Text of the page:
By now you've certainly noticed that gasoline prices are considerably lower than they have been in quite some time. In fact, national average gasoline prices are over $1 per gallon lower today than they were this time last year thanks to the global oversupply of petroleum. The downward trend looks likely to continue in the short term and should result in you spending less on gasoline in 2015 than at any point in the previous 11 years, according to the U.S. Energy Information Administration.
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Spending 31% less to fill your tank is hardly something to complain about, but don't assume falling gasoline prices will result in your fellow Americans driving any farther in 2015. Why not? It all has to do with the basic economic principle of elasticity. As we sit back and count our savings, let's use the current relief at the pump to refresh on a littleEconomics 101.
Is gasoline an elastic or inelastic product?
Economists measure price elasticity by determining how demand for a product is affected by its price. Demand for an elastic product changes with its price (higher prices curb demand, lower prices spur demand), while demand and price are not strongly correlated for an inelastic product. For instance, nails are an inelastic product. If a carpenter needs 10,000 nails to frame a new house, then it doesn't matter if nails sell for $0.01 or $0.10 -- the same number of nails is required.
In this context, we can determine that gasoline is also an inelastic product. Cheaper gasoline won't change the distance of your commute to workor how efficiently you drive to pick up your kids from school. In other words, how you use the product is largely unaffected by its price. You might be more inclined to visit that friend who lives a few hours away, but it won't make a big change in the grand scheme of things.
Historical data back up the conclusion thatgasoline is an inelastic product. From 1991 to 2014, the real price of gasoline increased 24%, but the miles driven byAmericansincreased by 48%. Even big, overnight increases and decreases in gasoline prices had almost no detectable impact on how far we drove. Put another way, automobile travel in the United States is inelastic.
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Just how inelastic is gasoline? According to the EIA, gasoline prices would have to decrease 25% to 50% for automobile travel to increase 1%. That means gasoline prices could fall to $1 per gallon and only increase the number of miles driven this year by 3% compared to previous years.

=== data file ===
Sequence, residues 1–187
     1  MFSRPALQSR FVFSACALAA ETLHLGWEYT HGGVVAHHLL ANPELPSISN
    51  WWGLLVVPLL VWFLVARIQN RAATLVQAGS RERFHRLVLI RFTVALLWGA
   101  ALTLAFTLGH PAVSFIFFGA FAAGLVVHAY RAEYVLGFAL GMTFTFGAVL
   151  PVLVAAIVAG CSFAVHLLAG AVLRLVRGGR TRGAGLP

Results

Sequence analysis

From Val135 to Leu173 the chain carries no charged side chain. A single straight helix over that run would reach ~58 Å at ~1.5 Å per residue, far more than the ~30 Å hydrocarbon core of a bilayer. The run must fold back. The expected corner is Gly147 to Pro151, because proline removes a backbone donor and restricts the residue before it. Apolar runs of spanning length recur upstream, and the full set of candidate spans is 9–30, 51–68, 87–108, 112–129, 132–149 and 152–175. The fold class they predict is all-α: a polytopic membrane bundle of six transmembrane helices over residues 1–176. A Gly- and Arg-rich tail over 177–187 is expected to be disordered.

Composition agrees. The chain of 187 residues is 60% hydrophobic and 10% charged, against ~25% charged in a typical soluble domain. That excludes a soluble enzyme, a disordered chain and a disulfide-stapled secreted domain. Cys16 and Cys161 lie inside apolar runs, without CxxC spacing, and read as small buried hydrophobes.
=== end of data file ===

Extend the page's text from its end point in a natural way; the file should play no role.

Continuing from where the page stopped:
What does affect how far America drives?
The factors driving automobile travel in the United States change with time. For instance, more people live in cities now than they did several decades ago. That has made gasoline more inelastic than it was in the 1980s, since urban residents tend to drive less than those in suburban and rural regions. Other factors affecting the elasticity of gasoline include the large number of retired baby boomers, who typically drive less than working individuals, and rising fuel economy of the nation's automobile fleet.
Elasticity and inelasticity are relatively simple concepts, but can still predict why the millions of registered drivers in the United States won't be piling miles onto their odometers in 2015. So the next time you stop to fill up your tank and smile at the low price of gasoline, perhaps you'll take a moment to explain a basic economics principle to your child. And if you're thinking about what to do with your savings in the new year, then hopefully you'll consider taking control of the future of your personal finances by investing in stocks -- no financial planner required. Not sure where to begin? The Motley Fool has you covered with its 13 Steps to Investing.
The article Economics 101 Explains Why Plunging Gasoline Prices Aren't Making You Travel More originally appeared on Fool.com.
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